I noticed on your blog a post about student loan debt. I don’t usually cover student loan debt on this blog, but I realize some readers are grad students—or considering that path. Could you give a snapshot of your experiences/thoughts on the whole process?
Oh, student loans! The bane of my existence!
I’ve been in grad school full time since 2005, and in that time, I’ve buried myself in over $100,000 in student loans (and I’m talking government loans, not those creepy private ones with super high interest). It’s embarrassing to say that in public, which is part of why I wrote about it on my blog (I know it’s counterintuitive, but I find the best way to dispel embarrassment is to make it public).
The thing is, when I started taking the loans out, I believed I was making a smart decision. I thought I had a sound financial plan. I’m almost done with grad school, and now that I’m faced with paying back these beasts, I realize I was misinformed. I’ll likely never pay them back. There’s a good chance I’ll never buy a house. I can’t imagine even being able to save for retirement, though I’m sure that’s just the fear talking.
I don’t want anyone to feel sorry for me—I made my own bed, so to speak—but I do want people, especially those who are thinking about taking out loans to finance a PhD, to know what it feels like to have this financial albatross around your neck.
The system is broken—tuition costs too much and what grad programs call “full funding” just isn’t. That needs to change. In the meantime, folks who want to go to grad school ought to figure out a way to do it without borrowing against their future. At least that’s what I wish I would’ve done.
Which do you enjoy more: the writing, revising, or sharing of a poem?
I don’t think I can choose just one of these—they’re so very different, and I love them all. I think every poem is a tiny romance.
Writing a new poem is exciting; it’s like a first date: you don’t know how it’s going to go or where you’re going to end up. It might last 45 minutes and leave you with an awkward handshake outside a coffee shop in broad daylight, or it might go on until 3 a.m., kissing at the curb while a cabbie waits with the meter running.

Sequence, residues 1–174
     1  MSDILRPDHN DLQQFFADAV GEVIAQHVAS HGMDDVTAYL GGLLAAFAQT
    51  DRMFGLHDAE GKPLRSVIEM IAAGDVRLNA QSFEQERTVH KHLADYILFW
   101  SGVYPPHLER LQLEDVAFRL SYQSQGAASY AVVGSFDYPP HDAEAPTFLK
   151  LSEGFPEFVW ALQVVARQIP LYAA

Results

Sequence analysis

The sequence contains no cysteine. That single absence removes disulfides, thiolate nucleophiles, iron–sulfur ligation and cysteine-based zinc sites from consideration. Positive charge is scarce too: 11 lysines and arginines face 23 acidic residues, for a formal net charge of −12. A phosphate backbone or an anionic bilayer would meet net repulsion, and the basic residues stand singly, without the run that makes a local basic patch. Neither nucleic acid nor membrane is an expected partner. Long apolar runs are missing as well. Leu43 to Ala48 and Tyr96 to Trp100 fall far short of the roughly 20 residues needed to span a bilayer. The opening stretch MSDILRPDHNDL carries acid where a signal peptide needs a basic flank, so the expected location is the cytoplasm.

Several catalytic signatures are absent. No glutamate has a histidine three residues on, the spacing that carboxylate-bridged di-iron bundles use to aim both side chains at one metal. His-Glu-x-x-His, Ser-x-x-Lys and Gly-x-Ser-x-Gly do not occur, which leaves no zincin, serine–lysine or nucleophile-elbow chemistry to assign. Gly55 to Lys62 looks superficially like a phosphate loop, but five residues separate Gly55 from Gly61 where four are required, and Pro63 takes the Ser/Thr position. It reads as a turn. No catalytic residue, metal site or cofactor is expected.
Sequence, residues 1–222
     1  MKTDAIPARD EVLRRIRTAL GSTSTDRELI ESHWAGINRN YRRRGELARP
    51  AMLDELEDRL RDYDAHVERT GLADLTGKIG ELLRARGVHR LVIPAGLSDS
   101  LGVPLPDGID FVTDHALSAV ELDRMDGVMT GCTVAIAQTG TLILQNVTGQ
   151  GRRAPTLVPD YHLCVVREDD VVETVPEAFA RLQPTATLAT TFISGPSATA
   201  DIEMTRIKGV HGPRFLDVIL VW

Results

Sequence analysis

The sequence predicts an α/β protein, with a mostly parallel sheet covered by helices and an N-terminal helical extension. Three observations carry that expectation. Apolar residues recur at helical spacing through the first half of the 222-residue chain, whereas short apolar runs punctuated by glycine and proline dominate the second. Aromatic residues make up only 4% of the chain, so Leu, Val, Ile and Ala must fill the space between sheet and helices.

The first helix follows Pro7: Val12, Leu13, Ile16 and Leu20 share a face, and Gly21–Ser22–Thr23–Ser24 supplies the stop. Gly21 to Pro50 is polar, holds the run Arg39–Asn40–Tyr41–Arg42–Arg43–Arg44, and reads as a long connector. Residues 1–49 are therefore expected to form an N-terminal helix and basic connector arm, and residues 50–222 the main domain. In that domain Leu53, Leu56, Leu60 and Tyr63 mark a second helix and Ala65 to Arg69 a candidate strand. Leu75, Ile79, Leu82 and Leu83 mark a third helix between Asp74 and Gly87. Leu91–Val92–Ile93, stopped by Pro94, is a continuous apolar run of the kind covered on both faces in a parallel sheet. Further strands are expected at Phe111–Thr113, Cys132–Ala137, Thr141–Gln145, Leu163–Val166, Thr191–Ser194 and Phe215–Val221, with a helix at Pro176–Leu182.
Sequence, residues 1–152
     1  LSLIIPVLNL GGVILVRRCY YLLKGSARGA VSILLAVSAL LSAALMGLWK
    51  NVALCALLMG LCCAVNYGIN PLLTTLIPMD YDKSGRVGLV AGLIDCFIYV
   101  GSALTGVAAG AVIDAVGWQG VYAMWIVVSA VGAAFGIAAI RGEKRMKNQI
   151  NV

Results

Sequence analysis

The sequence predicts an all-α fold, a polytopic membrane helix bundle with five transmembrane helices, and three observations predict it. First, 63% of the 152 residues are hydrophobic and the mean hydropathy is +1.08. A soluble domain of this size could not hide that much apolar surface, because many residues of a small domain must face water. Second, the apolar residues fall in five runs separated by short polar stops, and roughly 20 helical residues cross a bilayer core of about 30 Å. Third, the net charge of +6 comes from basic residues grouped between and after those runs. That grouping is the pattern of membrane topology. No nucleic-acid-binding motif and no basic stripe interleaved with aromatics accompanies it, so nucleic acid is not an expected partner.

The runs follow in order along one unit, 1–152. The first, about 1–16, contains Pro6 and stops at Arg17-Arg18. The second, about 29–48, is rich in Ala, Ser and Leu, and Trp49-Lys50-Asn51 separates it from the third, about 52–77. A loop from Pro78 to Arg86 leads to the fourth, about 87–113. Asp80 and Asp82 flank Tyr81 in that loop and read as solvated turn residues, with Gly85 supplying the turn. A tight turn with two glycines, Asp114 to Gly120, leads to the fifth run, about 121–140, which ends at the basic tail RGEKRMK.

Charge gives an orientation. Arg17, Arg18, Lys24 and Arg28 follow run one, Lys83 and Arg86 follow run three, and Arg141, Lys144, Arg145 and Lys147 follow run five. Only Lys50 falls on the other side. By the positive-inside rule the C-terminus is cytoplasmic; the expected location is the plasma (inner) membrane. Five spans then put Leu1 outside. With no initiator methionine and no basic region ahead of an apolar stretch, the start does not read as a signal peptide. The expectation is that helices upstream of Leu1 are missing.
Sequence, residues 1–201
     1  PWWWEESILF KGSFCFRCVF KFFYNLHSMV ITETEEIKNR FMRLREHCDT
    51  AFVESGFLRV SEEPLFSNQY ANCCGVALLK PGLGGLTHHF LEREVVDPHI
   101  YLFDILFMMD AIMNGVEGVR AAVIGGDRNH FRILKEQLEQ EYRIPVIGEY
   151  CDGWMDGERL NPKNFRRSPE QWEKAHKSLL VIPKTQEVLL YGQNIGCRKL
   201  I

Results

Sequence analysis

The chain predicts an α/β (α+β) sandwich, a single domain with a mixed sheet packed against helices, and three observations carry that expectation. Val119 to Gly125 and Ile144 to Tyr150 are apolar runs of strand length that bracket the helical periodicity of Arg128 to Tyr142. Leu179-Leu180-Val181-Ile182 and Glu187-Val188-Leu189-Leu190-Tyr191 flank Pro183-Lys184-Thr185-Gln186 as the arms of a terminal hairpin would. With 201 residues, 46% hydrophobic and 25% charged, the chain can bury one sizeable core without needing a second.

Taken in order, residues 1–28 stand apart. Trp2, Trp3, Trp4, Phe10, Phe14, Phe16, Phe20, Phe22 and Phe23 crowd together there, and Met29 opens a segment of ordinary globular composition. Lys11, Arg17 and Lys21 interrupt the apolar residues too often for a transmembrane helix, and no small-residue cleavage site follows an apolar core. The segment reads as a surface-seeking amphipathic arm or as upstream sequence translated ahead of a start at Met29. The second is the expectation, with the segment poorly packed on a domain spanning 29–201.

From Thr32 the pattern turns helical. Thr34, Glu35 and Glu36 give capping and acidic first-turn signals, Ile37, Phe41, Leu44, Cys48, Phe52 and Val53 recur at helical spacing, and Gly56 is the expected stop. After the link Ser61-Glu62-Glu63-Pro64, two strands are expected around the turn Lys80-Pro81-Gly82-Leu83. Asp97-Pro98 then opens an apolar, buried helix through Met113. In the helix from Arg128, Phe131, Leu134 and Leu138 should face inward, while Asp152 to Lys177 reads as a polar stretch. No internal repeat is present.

Revision is like asking the poem to go steady. I know what I want from the poem, I know where I’d like us to go. But the poem has a say, too. Revision can be easy, a cause for celebration. But more often, it’s a negotiation. Sometimes it’s disappointing. The poem can’t be what you ask it to be and you have to let it go.
And sharing a poem? It’s like introducing your new sweetheart to your parents, or going “Facebook Official.” Everyone has an opinion, but most people will only say nice things to your face. It feels good to tell people you’re in love, and it feels good to offer up a poem I’m proud of so that others can read it. Hearing from people who’ve enjoyed my poems fills me with gratitude. I made this tiny thing and now it means something to someone else. That’s a miracle.
The thing is, you need all three. Can you imagine only ever going on first dates? Or asking someone to go steady and then never introducing him or her to your friends? Or going on a first date and changing your relationship status on Facebook while this relative stranger heads to the restroom? None of those scenarios is satisfying.
As a writer, I want to be in a relationship with my poems. I want the sparks in the beginning and the comfortable familiarity in the end. I want to walk into a party holding my poems’ hands and introduce them to everyone I know.
One poet most people don’t know but should—who is it?
Jennifer Moore. Her poems are whip smart and desperately beautiful. Here’s a poem of hers that I love.
Who (or what) are you currently reading?
I’m reading Traci Brimhall’s Our Lady of the Ruins.
If you could pass along only one piece of advice to other poets, what would it be?
You’re a human first, writer second. Be part of the world. Yes, write and read as much as you can, but also: go to a roller derby bout, hang out with your sister’s kid or your spinster great aunt, have dinner with a friend and don’t once talk about literature, get a weird job working with weird people, walk a picket line, have a snowball fight. Then go home and write about it.
Life will bring you poems.
After life brings you poems, share them with the world!
How? Why with the 2014 Poet’s Market! It’s the best resource for finding publishing opportunities and filled with advice on the craft, business, and promotion of poetry. Plus, poet interviews, new poems, and more!